Last week, I was wondering why so many conservatives felt so confident that this amounted to a Clinton admin CYA . Why, I asked, would the Repubs on the 9/11 commission buy into a coverup? One answer was that all politicians take care of each other. But I think the more obvious answer is that all politicians take care of themselves. And the Repubs are not going to come out of this smelling anything like a rose.

From the Kean Hamilton Statement on ABLE DANGER, we get proof that Shaffer spoke to Philip Zelitow, who is Condi Rice's hand picked protogee, executive director of the 9/11 Commission and a member of the 2000-2001 Bush transition team: On October 21, 2003, Philip Zelikow, the executive director of the 9/11 Commission, two senior Commission staff members, and a representative of the executive branch, met at Bagram Base, Afghanistan, with three individuals doing intelligence work for the Department of Defense. One of the men, in recounting information about al Qaeda’s activities in Afghanistan before 9/11, referred to a DOD program known as ABLE DANGER. He said this program was now closed, but urged Commission staff to get the files on this program and review them, as he thought the Commission would find information about al Qaeda and Bin Ladin that had been developed before the 9/11 attack. He also complained that Congress, particularly the House Permanent Select Committee on Intelligence (HPSCI), had effectively ended a human intelligence network he considered valuable.

And who chaired the HPSCI during this period when they ended the intelligence network referred to? None other than Porter Goss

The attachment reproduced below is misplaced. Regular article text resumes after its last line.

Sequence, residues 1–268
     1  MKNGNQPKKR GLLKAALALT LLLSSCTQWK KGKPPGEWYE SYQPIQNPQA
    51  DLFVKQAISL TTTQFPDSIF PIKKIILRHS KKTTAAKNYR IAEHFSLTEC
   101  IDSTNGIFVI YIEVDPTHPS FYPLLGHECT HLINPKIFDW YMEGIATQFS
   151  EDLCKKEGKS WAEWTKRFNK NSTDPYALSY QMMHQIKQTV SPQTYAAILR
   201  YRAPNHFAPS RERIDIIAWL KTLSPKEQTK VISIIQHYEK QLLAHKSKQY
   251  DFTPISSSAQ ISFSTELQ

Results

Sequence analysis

This story is increasingly difficult to follow, but I think one thing is clear - any Republican using this to throw mud on Clinton era Dems is going to find a heck of a lot of mud thrown back in his own face. There was significant Repub involvement in discounting this information - starting with the fact that it was the incoming Bush admin that killed Able Danger in Feb '01 - and it would almost seem that the concealment efforts are ongoing.

I've noticed all calls for HEARINGS have disappeared into the mist on other conservative blogs. I think the reality is dawning here.


Well, I agree the Hell to pay is yet to come. I suspect there will be blame enough for all involved. Now with the blame should come some guilt and shame but they should be measured. The blame, and guilt and shame, here properly belong to Osama bin Laden, and al-Qaeda.

And maybe Saddam.


You know, Etienne, fundamentally I agree the recriminations are only going to help if they are used as feedback for improvement. Our who;le establishment, Democratic, and Republican, was vulnerable and clever criminals)warriors?) took advantage of that vulnerability. Let's not add morbidity to injury by devouring each other on the security issue

I've mentioned before that this whole mess has a silver-lining and that is that it should engender a 21st Century national discussion on the balance between privacy and public order. The fragility of public order is increased by increased complexity of society, yet the tools to preserve order have also become more complex. With that complexity has come a re-arrangement, perhaps re-definition, of privacy.